Look at what happens in your other relationships. When the controlling person is around your friends and supporters, watch out. The controlling person will often try to cause trouble between you and your friends, spreading rumors, attempt to create divisions, divide, and conquer, and will even tell lies about you to them or about them to you to try to break your attachment to them.

The ultimate aim is to isolate you from others, so that he or she can have your exclusive attention inside the reality he or she is trying to structure for you. Stay alert; any attempts to remove or downgrade your friends or supporters from your life are red flags.

Controlling people often do not have close friends, and they are rarely friends with others who are more attractive, intelligent, or well liked than themselves.

They tend to be jealous of popular, successful people and will criticize those held in high-regard by others. A lack of close friends may be one additional sign of their inability to tolerate others and their need to control relationships tightly.

Relationships and friendships are not built on who is in control. They are mutual interactions based on shared give and take and people always seeking balance.

A controlling person tends to keep up social and legal connections, such as threats of litigation, divorce, manipulating marriage, roommate tenancy contracts, shared cell phone plans, misuse of divided credit, and similar contracts, especially if administrative rights are included.

Even in social networks, one may block and unblock a person rather than delete the connection, as another attempt to control a difficult or failed relationship.

The longer that you allow other people to control you, the weaker you may become. In time, this softer self may become your new personality, and you can find yourself only dreaming of your former strong self.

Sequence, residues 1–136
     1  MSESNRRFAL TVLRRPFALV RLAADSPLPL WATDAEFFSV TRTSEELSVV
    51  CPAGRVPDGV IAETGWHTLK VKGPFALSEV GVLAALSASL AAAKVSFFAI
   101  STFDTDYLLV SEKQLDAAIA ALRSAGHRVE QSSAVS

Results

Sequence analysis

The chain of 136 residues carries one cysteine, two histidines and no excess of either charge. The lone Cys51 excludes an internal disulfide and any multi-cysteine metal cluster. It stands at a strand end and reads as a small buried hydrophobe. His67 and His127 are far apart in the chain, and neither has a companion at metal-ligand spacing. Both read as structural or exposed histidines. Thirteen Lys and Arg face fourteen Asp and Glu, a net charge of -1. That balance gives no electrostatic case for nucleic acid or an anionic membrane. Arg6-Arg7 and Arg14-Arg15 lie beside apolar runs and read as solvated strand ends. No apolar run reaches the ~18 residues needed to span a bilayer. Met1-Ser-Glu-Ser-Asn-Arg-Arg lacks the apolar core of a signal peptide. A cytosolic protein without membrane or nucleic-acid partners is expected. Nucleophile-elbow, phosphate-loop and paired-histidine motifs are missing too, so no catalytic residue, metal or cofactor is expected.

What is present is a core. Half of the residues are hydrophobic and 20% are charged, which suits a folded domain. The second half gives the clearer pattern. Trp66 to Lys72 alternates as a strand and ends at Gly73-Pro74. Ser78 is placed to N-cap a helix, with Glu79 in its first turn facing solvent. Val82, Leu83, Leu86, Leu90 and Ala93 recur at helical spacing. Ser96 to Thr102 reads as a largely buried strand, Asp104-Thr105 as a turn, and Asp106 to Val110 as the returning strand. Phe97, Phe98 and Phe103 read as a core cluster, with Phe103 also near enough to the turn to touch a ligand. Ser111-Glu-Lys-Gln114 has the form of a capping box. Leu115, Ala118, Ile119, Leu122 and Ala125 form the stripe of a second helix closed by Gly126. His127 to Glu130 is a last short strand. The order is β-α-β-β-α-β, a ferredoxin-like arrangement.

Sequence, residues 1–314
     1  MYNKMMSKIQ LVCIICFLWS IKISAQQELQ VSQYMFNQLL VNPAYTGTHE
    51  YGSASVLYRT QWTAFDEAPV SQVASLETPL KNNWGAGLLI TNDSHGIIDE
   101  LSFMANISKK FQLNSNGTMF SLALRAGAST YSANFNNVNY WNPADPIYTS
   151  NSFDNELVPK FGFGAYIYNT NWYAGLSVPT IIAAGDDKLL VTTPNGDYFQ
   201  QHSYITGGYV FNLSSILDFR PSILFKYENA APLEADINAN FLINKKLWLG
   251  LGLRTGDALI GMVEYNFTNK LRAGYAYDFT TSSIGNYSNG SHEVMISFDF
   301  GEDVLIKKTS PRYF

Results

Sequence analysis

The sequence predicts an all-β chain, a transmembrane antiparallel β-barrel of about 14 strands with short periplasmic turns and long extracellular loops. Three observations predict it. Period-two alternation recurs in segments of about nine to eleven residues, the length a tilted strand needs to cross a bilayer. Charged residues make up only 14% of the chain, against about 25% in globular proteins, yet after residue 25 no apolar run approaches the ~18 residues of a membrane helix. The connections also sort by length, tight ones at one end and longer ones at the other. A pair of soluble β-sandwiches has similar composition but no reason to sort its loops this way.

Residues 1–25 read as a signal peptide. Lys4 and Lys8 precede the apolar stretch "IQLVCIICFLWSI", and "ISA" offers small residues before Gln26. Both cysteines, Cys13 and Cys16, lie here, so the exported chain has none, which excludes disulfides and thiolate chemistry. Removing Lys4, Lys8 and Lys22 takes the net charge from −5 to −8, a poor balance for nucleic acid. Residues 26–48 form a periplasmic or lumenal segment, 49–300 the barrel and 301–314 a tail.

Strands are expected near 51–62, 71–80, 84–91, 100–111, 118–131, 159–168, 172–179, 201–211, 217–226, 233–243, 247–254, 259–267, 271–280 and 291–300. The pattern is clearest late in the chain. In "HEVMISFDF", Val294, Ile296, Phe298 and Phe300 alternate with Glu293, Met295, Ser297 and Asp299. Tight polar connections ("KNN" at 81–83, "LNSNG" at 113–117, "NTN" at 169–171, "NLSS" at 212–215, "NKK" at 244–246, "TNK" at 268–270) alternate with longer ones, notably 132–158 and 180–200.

Suspect excessive generosity from a controlling personality as an attempt to impress and control you. By seeming to give you lots of things, so that you always feel as if you are benefiting in some way, you end up feeling as if you owe the person something, perhaps even long term. The controller then uses that obligation you feel towards him or her to control you.

Remember that if you are a person who likes to control others, step back and take a long look at the stress that you may be causing someone else while you are breaking down your own mental health and happiness.

Change Your Future, Now!

This 642-page book is the result of a four-year project called Project Tomorrow. During the four-year period, we followed more than 500 trainees, aged from 16 to 72.

The trainees were from colleges and reinsertion programs in administration and computer science. Some of the trainees that were implicated where dropouts from school districts, and others were new immigrants or unemployed workers from different economic and social backgrounds.

To graduate, the trainee had to perform during a period of three months in a business environment. At the end of that time, an appreciation evaluation was performed to determine both the amount of change the trainee experienced during the period and the impact of that change on the trainee.

Many of the questions, reflections, and answers presented in this book are issued from our findings during this period. We would like to thank all the trainees for their efforts and determination during the process.

Mon succès est votre succès

This 642-page book is the result of a four-year project called Project Tomorrow. During the four-year period, we followed more than 500 trainees, aged from 16 to 72.

It is also the fruit of forty years of experience acquired with local and international organizations and companies and during consultancy, change management, transition, and marketing services. For more information go to: .

About the Author

In addition to writing, Germain Decelles acts as Change Management Strategist. He has over 40 years of business and consultation experience with local and international markets, including sectors such as retail trade, distribution, information technology and communications, transportation, manufacturing, financial services, and government organizations.

Other publications: ISO Pour Tous – Le manuel d’information ISO – Le guide de préparation ISO – La gestion du changement en affaires – La gestion de projet d’affaires – Le changement POUR TOUS Change Your Future, Now! – Mon succès est votre succès – My Success Is Your Success.

Press Contact

Germain Decelles, o.s.j.